Breaking Geodes

June 05, 2019



Photographer: Stu Witmer
Summary Authors: Jace Jammerman, Stu Witmer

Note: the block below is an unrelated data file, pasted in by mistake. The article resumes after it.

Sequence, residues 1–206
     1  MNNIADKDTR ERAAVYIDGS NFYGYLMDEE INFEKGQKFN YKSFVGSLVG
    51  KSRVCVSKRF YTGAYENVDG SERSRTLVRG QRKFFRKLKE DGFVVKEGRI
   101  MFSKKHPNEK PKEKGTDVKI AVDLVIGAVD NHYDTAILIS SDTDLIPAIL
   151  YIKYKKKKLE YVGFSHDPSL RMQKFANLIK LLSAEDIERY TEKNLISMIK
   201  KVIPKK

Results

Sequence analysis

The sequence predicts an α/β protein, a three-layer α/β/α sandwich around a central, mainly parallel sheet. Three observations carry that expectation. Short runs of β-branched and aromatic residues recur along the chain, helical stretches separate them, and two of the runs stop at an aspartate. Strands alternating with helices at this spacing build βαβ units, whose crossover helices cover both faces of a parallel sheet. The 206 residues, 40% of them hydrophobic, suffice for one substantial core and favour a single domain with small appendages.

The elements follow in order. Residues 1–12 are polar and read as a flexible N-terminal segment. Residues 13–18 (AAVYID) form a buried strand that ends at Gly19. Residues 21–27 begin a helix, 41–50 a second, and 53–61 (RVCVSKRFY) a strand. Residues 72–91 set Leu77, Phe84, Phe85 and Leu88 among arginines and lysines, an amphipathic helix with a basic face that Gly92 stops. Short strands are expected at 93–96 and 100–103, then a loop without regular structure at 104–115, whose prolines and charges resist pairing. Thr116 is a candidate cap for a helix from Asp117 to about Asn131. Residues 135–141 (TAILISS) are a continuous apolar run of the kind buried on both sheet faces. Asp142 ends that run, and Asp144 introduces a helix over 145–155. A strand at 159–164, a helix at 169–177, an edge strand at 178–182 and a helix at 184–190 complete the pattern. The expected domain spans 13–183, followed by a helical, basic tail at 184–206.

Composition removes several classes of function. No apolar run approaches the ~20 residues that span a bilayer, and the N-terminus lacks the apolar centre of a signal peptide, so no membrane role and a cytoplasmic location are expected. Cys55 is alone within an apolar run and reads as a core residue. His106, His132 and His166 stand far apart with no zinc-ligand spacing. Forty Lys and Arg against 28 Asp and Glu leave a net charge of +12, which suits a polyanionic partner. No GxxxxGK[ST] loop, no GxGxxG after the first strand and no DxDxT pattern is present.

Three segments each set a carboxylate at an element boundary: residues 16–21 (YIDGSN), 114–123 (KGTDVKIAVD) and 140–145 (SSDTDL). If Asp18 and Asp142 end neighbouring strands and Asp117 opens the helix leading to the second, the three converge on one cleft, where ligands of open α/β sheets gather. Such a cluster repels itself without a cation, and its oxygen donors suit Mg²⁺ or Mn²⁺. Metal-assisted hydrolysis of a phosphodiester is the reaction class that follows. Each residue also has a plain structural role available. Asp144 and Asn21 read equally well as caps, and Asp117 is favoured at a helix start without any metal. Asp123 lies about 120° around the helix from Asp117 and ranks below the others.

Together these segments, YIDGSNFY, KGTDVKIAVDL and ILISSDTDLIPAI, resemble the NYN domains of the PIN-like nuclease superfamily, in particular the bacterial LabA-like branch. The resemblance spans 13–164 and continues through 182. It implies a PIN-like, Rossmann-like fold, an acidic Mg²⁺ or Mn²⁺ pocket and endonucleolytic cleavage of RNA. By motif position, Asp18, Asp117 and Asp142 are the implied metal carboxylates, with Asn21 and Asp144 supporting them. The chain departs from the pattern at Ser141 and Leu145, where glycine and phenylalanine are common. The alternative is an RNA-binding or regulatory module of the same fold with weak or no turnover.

Geodes are super-cool rocks with crystals inside. Each one is different. Plain and dull-looking outside, many are breathtakingly beautiful inside. A few geodes are solid. These are sometimes called nodules. Most are hollow and filled with inward-pointing crystals. Generally, these crystals are quartz but can be a variety of other minerals. There's only one way to tell what's inside: break it open. Geodes can range in size from that of a walnut to several feet in diameter. Most are about fist-sized. These are also the easiest to open. To open a geode, wrap it in a couple of old socks or a thick cloth then whack it with a hammer. Be sure to wear eye protection because bits of rock may fly all over the place even if the geode is wrapped securely. Geodes (Greek for earthlike) can be found in many locations, including sedimentary limestone and basaltic lavas, weathered out of cliffs, or scattered about in talus. They can also be purchased in rock shops, some toy stores and online. Top image shows two geodes before breaking, bottom is after.